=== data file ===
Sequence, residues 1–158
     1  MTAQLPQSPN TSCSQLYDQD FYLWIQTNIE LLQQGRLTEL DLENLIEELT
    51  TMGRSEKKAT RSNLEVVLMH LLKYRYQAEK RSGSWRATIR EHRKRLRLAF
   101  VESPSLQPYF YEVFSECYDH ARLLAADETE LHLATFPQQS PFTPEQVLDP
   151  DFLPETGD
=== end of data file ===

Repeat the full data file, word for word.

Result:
Sequence, residues 1–158
     1  MTAQLPQSPN TSCSQLYDQD FYLWIQTNIE LLQQGRLTEL DLENLIEELT
    51  TMGRSEKKAT RSNLEVVLMH LLKYRYQAEK RSGSWRATIR EHRKRLRLAF
   101  VESPSLQPYF YEVFSECYDH ARLLAADETE LHLATFPQQS PFTPEQVLDP
   151  DFLPETGD